Major League Baseball’s Matt Williams is coming home. The Carson High School graduate who is a World Series winner and five-time All-Star will headline the 10th annual Western Nevada College Wildcats Athletics Gala Dinner on Thursday, Jan. 24, at the Downtown Reno Ballroom. The event will also benefit Carson High School baseball and softball.
Tickets are $100, with tables of 10 for $850 through December 31 and $1,000 afterward. They are available through the WNC Foundation at 445-3240 or at www.wnc.edu/wildcatsgala/.
“It will be fun to come home and see some familiar faces and be part of the event,” Williams said. “I’m honored that they asked me to be part of it.”
By the time Williams graduated from Carson High School in 1983, the power-hitting third baseman was well known to college recruiters and baseball scouts. “The Carson Crusher” went on to play at UNLV before being selected by the San Francisco Giants with the third pick in the
1986 draft. He quickly ascended to the big leagues, playing in 84 games for the Giants in 1987.
Williams also played for the Cleveland Indians and Arizona Diamondbacks. All told, he hit 378 home runs, batted .268 and knocked in 1,218 runs. He was selected to five All-star teams and earned four Gold Glove and Silver Slugger awards. He also holds the distinction of being the only player to homer for three different teams in the World Series. In 2001, he became a World Series Champion with the Diamondbacks.
“We are thrilled to welcome Matt back home,” said Katie Leao, WNC Director of Development. “We know that Matt is a stellar example of the kind of person and athlete that our softball and baseball student athletes aspire to be.”
It will be a fond homecoming for Williams, who now resides in Scottsdale, Ariz.
“This (Carson City) is where I learned to play the game,” Williams said. “This is where I played Little League, high school ball, American Legion ball, and got the chance through Coach (Ron) McNutt and the program there to travel the U.S. and play in Hawaii. All those memories will come flooding back, I’m sure.”
Williams said he can relate to the financial challenges Western Nevada College faces to support its intercollegiate baseball and softball programs. “I remember going around to businesses, trying to drum up money so we could travel.” Now, after a 17-year Major League Baseball career and a blossoming coaching career, Williams is happy to come home and endorse WNC’s Wildcats baseball and softball teams.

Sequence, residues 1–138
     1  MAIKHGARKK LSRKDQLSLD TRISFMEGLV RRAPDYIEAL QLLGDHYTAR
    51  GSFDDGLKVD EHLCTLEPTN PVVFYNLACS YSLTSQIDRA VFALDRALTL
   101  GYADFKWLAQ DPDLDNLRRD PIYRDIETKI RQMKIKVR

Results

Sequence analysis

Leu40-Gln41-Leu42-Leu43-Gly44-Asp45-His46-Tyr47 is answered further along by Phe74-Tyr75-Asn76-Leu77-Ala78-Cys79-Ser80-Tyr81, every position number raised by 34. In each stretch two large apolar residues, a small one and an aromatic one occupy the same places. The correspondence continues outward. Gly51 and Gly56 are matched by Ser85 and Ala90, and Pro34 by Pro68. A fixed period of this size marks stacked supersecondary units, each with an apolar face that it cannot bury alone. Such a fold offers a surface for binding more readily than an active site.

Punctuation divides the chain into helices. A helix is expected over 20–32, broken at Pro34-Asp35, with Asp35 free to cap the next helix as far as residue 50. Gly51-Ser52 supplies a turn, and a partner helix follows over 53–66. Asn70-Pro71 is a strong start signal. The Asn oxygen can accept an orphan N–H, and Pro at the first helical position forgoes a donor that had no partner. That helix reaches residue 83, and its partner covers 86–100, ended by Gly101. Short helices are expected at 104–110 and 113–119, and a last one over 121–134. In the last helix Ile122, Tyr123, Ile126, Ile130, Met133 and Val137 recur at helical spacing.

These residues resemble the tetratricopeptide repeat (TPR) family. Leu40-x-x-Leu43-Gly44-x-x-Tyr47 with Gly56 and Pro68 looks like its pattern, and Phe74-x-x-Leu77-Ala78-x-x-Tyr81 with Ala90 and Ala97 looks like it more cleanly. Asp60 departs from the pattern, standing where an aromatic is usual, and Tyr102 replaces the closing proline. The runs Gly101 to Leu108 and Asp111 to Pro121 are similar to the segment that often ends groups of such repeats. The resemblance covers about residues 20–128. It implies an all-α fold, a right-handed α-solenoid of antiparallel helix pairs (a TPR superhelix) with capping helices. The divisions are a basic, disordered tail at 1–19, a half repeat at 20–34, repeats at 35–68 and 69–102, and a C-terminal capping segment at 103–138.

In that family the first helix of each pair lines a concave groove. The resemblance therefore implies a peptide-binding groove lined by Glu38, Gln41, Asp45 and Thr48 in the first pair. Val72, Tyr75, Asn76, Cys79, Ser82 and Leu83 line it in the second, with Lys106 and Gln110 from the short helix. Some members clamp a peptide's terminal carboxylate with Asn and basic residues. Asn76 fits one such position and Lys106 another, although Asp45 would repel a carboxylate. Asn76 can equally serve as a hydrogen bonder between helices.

“The fact that he’s coming to speak is exciting for everyone,” said WNC Wildcats Softball Coach Leah Wentworth, whose 2012 club set a school record for victories and was named an Academic All-American Team.
“Matt Williams understands and appreciates the importance of educationally supporting our youth and helping them develop in and outside the classroom to be successful and active members of our community,” Leao said.
Since ending his playing career in 2003, Williams has been raising a family and doing some color commentating for Diamondbacks games. For the past two years, he has been third-base coach for the Diamondbacks.
Recently, he coached the Salt River Rafters in the Arizona Fall League.
“It was a good experience and something that I will take with me,”
Williams said. “I really enjoyed learning how to get players to play to the best of their abilities.”
MLB’s general managers are beginning to take notice of Williams’
baseball knowledge. Earlier this fall, he was a finalist for the Colorado Rockies job that ultimately was landed by Walt Weiss. He was also contacted by the Toronto Blue Jays before they re-hired manager John Gibbons.
“I want to get to the top of my profession, and that’s important now that I don’t play anymore,” Williams said. “I got a taste of it, and it was fun to go through the process. You never know what might be out there in the future.”
Williams said he respects what Wildcats Baseball Coach DJ Whittemore and others have done with WNC’s program in a short time. WNC has made three appearances at the Junior College World Series since the program launched in 2006.
“It’s one thing to have a program and another for people to respect it and want to be a part of it,” Williams said. “They have done a very nice job of putting it in place and succeeding, and it’s an opportunity for kids in the area to stay home and continue to play the game while they are getting their education.
“It’s a little different game these days. For college players, it’s important for them to play and continue their education, understanding that baseball might not be their final stop.”
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